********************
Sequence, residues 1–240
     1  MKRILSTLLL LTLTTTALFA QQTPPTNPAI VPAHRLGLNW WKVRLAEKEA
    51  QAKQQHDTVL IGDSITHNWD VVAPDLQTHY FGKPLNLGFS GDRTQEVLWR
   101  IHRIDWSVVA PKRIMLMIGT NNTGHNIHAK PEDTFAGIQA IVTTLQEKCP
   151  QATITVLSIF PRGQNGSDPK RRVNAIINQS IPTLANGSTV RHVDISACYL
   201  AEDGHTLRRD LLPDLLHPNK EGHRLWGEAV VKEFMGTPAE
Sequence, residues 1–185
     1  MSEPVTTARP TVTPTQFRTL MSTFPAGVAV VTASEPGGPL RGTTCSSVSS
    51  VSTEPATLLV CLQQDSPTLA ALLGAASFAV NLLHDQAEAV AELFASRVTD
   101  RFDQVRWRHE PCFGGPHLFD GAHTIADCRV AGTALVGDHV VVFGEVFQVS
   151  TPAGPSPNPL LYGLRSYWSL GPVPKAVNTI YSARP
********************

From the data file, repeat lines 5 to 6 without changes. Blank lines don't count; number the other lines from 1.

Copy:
   151  QATITVLSIF PRGQNGSDPK RRVNAIINQS IPTLANGSTV RHVDISACYL
   201  AEDGHTLRRD LLPDLLHPNK EGHRLWGEAV VKEFMGTPAE